The behaviour of racquets and balls is governed mainly by Newton’s three Laws of Tennis. These laws are fully explained in our book The Physics and Technology of Tennis. The following is a summary of a few topics of interest to give you a flavour of how physics relates to sport and to the real world of everyday objects.
A tennis racquet, like a baseball or cricket bat, has a sweet spot. If a ball impacts at the sweet spot, the force transmitted to the hand is sufficiently small that the player is almost unaware that the impact has occured. If the ball impacts at a point well away from the sweet spot, the player will feel some jarring and vibration of the handle. The sweet spot is a vibration node, located near the centre of the strings. Another potential sweet spot is the centre of percussion (COP). These and some other significant spots on a racquet are shown below.
Contrary to popular opinion, the sweet spot does not coincide with the point at which the ball rebounds with maximum speed, nor does it locate the spot where the force on the hand is zero. Forces on the hand arise from three independent motions of the handle, namely rotation, translation and vibration. The vibrational component is absent when a ball strikes the vibration node. The rotational component, arising from recoil of the racquet head, exerts a torque on the hand, causing it rotate about an axis through the wrist. As a result, a force is always exerted on the upper part of the hand, and a force in the opposite direction is always exerted on the lower part of the hand.
The COP shown in the diagram above is located close to the node point when the racquet is freely suspended, but it shifts into the throat area of the racquet when the racquet is held in the hand. Consequently, the COP shown in the diagram is NOT the sweet spot that players talk about.
The first two vibration modes of a freely suspended tennis racquet are shown below. A racquet behaves like a uniform beam in this respect, despite its round head, since the centre of mass of a racquet is near the centre of the racquet. The fundamental mode has a frequency of about 100 Hz for a relatively flexible frame or about 180 Hz for a stiff frame. One node is near the centre of the strings, and the other node is in the handle. It is easy to hear this vibration if you hold the handle lightly at the node in the handle, with the handle near your ear, then strike the frame or strings. The vibration node on the strings is easily located using this technique. If you hold the handle firmly, the frame vibrations (but not the string vibrations) are strongly damped.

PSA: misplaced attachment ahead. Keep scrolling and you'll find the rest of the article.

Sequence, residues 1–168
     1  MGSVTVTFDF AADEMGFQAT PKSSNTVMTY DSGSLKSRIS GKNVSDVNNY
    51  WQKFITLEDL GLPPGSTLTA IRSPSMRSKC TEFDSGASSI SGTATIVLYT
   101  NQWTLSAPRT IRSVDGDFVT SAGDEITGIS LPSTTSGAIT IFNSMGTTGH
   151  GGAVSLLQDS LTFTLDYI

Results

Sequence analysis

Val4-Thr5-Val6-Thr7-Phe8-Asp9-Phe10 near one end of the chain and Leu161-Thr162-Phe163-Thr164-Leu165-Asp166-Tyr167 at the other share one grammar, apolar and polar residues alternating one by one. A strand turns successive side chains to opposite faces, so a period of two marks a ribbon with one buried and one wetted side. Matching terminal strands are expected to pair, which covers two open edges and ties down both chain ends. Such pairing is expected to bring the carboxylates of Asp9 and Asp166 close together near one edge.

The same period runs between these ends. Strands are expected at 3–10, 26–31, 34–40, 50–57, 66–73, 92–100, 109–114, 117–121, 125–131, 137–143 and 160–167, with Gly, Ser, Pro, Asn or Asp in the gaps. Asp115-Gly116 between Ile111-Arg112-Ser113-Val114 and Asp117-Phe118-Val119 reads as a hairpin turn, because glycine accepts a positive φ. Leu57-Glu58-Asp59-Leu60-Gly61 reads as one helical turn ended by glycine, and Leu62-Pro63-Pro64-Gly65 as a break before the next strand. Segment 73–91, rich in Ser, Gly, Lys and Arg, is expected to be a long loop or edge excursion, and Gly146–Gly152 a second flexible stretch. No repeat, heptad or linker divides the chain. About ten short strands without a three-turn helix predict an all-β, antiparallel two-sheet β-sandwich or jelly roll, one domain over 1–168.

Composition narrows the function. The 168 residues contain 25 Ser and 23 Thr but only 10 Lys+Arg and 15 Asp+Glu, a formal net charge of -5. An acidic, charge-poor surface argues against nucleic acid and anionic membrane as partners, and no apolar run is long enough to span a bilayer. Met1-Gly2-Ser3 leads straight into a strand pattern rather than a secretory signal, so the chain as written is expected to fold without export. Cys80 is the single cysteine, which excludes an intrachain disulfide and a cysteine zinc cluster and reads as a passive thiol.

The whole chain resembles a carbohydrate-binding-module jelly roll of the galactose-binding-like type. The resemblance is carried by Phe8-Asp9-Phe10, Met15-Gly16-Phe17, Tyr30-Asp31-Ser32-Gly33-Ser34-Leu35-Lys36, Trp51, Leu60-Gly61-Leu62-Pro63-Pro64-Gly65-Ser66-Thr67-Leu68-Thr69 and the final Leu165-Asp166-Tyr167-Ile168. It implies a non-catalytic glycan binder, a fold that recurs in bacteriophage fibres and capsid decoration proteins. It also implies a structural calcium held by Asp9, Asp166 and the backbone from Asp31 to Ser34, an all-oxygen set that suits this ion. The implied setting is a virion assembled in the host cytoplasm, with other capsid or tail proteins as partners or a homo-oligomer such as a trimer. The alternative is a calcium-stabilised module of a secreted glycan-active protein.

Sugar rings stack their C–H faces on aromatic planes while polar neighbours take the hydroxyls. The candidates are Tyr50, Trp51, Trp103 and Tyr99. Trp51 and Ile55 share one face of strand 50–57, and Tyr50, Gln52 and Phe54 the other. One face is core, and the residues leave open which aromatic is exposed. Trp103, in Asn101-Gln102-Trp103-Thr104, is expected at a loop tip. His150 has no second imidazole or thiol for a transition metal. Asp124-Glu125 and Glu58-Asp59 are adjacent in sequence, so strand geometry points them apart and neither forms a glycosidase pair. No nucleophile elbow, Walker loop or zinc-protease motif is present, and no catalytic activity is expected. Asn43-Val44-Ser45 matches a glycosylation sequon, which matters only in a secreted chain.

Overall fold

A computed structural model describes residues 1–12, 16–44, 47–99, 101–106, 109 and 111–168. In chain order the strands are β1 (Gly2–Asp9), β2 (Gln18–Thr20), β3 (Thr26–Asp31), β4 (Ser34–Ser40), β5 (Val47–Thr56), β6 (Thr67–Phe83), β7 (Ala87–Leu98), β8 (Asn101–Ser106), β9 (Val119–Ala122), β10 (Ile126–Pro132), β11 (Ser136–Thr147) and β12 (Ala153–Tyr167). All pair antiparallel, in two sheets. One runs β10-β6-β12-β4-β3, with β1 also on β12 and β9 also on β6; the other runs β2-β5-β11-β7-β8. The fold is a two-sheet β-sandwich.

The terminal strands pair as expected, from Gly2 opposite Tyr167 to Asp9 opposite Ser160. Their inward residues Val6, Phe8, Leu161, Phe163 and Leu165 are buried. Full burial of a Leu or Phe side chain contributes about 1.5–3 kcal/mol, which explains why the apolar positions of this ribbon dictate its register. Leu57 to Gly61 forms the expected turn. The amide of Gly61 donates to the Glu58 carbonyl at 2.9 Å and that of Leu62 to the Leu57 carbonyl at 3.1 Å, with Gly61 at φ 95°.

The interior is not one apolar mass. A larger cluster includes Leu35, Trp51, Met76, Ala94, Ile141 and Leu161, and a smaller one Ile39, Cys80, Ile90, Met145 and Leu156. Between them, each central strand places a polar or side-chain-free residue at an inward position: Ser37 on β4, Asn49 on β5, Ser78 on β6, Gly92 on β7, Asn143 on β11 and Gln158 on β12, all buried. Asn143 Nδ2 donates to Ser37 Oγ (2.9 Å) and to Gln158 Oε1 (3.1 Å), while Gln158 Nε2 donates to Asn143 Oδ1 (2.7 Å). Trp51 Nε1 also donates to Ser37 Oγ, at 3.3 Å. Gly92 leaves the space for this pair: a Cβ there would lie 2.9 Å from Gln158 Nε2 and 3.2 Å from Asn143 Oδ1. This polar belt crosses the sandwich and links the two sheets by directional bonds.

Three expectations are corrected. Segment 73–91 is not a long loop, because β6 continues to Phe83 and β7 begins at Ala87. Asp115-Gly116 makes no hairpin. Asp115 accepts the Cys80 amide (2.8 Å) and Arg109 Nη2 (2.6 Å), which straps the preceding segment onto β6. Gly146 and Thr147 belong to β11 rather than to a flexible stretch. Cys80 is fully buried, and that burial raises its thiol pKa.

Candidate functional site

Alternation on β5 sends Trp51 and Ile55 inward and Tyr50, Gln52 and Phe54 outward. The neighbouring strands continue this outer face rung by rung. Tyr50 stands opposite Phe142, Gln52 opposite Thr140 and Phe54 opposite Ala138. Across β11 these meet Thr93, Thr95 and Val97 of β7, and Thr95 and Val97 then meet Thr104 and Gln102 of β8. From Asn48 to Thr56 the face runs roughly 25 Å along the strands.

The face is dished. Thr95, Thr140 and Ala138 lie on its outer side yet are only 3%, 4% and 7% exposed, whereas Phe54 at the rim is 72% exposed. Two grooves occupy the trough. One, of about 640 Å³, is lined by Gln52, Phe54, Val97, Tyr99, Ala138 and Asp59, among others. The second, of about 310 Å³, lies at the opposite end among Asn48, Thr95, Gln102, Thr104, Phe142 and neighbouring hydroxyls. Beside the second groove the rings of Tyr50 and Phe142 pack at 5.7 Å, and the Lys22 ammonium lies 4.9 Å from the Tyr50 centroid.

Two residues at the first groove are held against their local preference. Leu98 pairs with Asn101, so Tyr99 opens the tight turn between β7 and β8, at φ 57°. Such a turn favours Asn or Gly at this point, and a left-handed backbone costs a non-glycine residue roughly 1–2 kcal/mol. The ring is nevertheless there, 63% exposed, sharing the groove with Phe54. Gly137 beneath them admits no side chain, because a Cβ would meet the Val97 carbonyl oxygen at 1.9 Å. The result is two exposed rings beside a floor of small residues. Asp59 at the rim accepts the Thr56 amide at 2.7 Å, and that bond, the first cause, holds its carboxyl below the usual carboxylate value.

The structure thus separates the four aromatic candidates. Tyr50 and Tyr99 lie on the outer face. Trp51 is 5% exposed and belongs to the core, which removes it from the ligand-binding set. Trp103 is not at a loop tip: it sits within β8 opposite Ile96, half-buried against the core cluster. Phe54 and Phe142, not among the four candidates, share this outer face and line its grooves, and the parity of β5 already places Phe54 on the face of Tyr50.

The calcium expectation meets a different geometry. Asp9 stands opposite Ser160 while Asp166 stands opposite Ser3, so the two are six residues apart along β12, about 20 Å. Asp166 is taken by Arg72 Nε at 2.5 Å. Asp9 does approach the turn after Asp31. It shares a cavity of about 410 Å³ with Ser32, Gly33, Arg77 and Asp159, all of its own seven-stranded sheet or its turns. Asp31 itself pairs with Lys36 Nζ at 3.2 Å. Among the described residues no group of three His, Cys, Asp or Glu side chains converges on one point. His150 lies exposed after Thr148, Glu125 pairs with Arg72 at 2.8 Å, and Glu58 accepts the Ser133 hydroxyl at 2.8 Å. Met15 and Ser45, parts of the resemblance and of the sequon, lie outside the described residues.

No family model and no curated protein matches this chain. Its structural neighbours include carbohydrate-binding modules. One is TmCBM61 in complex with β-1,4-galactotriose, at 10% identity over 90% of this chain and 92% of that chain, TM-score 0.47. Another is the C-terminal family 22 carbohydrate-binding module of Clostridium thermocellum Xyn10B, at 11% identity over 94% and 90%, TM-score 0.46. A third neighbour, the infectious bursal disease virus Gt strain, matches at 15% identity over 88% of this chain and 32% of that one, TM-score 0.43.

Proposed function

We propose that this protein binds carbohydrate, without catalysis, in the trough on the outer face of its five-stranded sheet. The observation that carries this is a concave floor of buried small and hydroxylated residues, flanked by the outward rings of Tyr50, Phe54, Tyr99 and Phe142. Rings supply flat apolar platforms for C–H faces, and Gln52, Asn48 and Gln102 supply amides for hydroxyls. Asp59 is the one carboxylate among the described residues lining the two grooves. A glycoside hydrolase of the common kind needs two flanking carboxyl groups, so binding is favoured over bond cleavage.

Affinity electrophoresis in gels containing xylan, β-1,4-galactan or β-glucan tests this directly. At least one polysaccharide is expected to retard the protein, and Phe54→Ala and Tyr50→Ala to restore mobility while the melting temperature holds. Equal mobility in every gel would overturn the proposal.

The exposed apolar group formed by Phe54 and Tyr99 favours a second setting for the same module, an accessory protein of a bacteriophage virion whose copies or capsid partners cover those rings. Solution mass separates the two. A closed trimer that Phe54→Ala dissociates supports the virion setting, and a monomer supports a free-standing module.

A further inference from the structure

The next mode, for a uniform beam, has a frequency 2.75 times the fundamental frequency. It is not excited with any significant amplitude since the impact duration, T, of the ball on the strings is about 5 ms. The frequency spectrum of this pulse, approximately a half sine waveform, peaks at zero frequency and is zero at f = 1.5/T = 300 Hz , close to the second mode frequency. The impact will still excite string vibrations at about 500 Hz since the strings are not as strongly damped as the frame.
A metal tube will vibrate nicely when struck with a metal rod, but it does not vibrate when struck with a tennis ball. How come? The impact duration, about 0.005 sec, is too long to excite any vibration with a period shorter than about 0.002 sec, especially if the tube is struck at the fundamental vibration node (its sweet spot).
Consider a racquet that is freely suspended by a long length of string or balanced vertically on the end of its handle. If a ball impacts at the centre of mass (CM), the racquet will recoil at a speed V. All parts of the racquet will recoil at the same speed V. If the ball impacts at any other point on the strings, the racquet will recoil and it will also rotate about its CM. The whole racquet then moves away from the ball with a speed V1 due to the recoil , but the handle simultaneously moves towards the ball with speed V2 due to rotation of the racquet. If there is any point in the handle where V1 = V2, then that point will remain stationary and the rest of the racquet will rotate about that point as shown below.
The axis of rotation is called the conjugate point with respect to the impact point, and the impact point is called the centre of percussion (COP) for that particular axis of rotation. The axis and the COP form a pair of conjugate points. For an impact near the tip of the racquet, the axis of rotation is about half way between the end of the handle and the CM. For an impact near the throat of the racquet, the axis of rotation is beyond the end of the handle.
Now consider a racquet that is suspended by a rod passing through a hole drilled through the handle so that the racquet can rotate freely about this axis when a ball strikes the strings. When a ball impacts on the strings, the handle will exert a force on the axis unless the ball impacts at the COP. Consequently, the COP is often regarded as a second sweet spot since the force on the hand should be zero for an impact at the COP. However, the hand adds an additional mass of about 500 gram to the handle, and it shifts the location of the COP to a position near the throat area of the racquet. The details of this effect are described in an Am J. Phys article that you can download here.